If you absolutely can’t shell out the cash for a word processor, you can download an “open source” aka free version of the entire Microsoft Office suite, called Open Office. It’s basically a fully functional free program suite that does the same thing, generally, as Word does.

A Script Coverage Example

example script coverage

Taking a look at an actual script coverage example is probably the best way to get started on the fundamentals of script analysis and writing script coverage.

Download this script coverage example.

Once you’ve downloaded it, take a peek to get a feel for what a script coverage looks like. Then let’s dive into each of the basic elements that make up a script coverage.

The 6 Basic Elements of A Script Coverage

cartoon of script girl in a labcoat with a blueprint

There are six basic elements that comprise a typical script coverage.

1) The HEADER is the section at the top of the script coverage containing the “metadata” about the script. Author name, page count, genre of the script, etc.

2) The LOGLINE is basically the entire story of the movie, squashed down into one or two sentences. So, for example, one possible logline of the movie Jaws could be something like: A massive great white shark stalks a beach community and a big-city cop teams up with a professor and an old drunk fisherman to hunt it down.

3) The SYNOPSIS is a brief retelling of the script’s story, point by point (or, as we say in the film industry, beat-by-beat).

4) The COMMENTS/NOTES is arguably the most important section of a script coverage. This is where the reader makes subjective observations and provides analysis and critique of the script.

5) The RATING GRID is simply some sort of visual grid or scoring system, containing categories to score, such as dialogue, conflict, originality, presentation, spelling, budget, etc. They usually ask you to assign a rating to each box, whether it’s fair, poor, good, excellent, or even on a scale from 110, or 5 stars, or 1-100. Not all script coverages come with rating grids, but some companies require you to use them.

6) The RECOMMENDATION in a script coverage is usually the first thing anybody reads. And sometimes, it’s the only thing they read. The typical three recommendations a script reader can choose from are: PASS, CONSIDER, and RECOMMEND.

So knowing those six basic elements, let’s break the example script coverage down so you can see each of the six elements in action. I’ll go ahead and re-paste limited selections from that example coverage, but follow along in that document.

The Header

Logo from the top of the example script coverage

The Header is the section of script coverage that contains all the pertinent metadata relating to the script, such as author name, genre, and page count. That metadata can include all the above, but it also typically includes data that might only be important to a studio exec, or a producer or filmmaker, such as Estimated Budget, Genre, and Time Period.

The first thing you see is the coverage company’s logo at the top. You’ll see something similar on most script coverage from festivals and reading companies, but probably not a lot at major studios and agencies. The logo in the example is from my own script coverage service, Screenplay Readers. Not every company you work for will have a graphic or logo at the top of their coverage template, (some example script coverage templates can be found here) but they generally look nice and give the reader of the coverage something to stare at and/or drool on should the coverage itself not be that interesting to read. Companies you work for may provide you a coverage template in Word format.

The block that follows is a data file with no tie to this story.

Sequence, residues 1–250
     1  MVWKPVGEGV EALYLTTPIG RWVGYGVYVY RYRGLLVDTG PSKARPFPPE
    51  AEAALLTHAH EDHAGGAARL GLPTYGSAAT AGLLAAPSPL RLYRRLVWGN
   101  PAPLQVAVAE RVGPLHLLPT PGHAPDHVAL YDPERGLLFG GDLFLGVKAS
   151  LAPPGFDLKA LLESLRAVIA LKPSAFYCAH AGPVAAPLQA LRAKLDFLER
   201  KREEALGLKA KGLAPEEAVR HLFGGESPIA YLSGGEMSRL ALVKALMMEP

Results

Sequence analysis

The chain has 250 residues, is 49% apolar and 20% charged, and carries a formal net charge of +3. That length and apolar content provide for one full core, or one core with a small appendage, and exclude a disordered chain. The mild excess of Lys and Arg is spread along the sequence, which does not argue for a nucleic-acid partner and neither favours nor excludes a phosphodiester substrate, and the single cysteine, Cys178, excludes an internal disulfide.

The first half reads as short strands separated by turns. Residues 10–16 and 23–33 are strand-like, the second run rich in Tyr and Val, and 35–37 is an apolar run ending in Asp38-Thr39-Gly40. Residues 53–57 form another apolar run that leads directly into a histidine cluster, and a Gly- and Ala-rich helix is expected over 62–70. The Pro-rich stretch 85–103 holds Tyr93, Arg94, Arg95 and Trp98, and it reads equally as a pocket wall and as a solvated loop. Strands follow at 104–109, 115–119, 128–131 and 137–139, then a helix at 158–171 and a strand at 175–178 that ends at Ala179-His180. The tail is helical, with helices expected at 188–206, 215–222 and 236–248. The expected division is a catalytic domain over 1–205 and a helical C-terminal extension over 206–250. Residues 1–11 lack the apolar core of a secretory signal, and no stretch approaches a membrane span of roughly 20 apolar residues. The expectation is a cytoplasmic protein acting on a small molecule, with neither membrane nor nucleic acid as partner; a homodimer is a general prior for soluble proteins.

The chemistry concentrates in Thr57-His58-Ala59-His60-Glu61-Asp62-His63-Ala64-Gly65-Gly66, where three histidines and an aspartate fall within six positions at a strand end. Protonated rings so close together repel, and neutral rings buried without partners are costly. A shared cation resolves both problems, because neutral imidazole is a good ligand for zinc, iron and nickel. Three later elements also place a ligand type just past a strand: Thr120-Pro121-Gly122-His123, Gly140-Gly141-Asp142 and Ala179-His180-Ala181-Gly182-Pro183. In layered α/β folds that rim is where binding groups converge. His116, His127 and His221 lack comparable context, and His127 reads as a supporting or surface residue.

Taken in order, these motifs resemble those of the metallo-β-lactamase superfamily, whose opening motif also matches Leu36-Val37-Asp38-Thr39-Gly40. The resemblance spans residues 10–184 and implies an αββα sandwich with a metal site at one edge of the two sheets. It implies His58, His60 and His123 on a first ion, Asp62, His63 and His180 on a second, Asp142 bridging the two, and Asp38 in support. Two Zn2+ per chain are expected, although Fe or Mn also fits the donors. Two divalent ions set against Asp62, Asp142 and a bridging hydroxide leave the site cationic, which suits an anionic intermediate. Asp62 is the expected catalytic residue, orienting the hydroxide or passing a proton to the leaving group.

In the example coverage, that header section looks something like this:

Paco and James
J. Taylor
110 pages
Comedy / Thriller
Analyst: RT2

All of this information is just to provide the reader of the coverage some of the important details about the material being covered. Title, writer, length, genre, and date should all be self-explanatory, but let me mention a few others which aren’t included in the example coverage, but are commonly found in many other coverage templates you may run across:


If you see “SUB TO:” in a script coverage, it generally indicates whom the script was submitted to. In the case, it was submitted to the company, Screenplay Readers. If you work for Amblin Entertainment, and the script was submitted to Amblin, you’d write SUB TO: AMBLIN or something similar.


If you see “SUB BY:” in a script coverage, it generally indicates who submitted the script.

CIRCA indicates the general time period of the script. Is it a western? If so, is it 1830’s or 1870’s? Or some other date? In our example above, we include GENRE and CIRCA on the same line (“COMEDY/THRILLER”) but don’t list a circa. Some script coverage forms won’t, but if they do, the header is where to include it. CIRCA can be a general set of dates, or it can be a more vague time period, such as “Revolutionary War period” or “Far future.” Generally, don’t get bogged down in dates if you can help it. The goal of script coverage is to give the reader of your finished coverage a quick idea of what the script’s about, and that includes the time period.

FORMAT in a script coverage header section simply indicates what form the material is presented in. For example, the format may be “Screenplay,” or “Treatment,” or “Short,” or even “Novel.”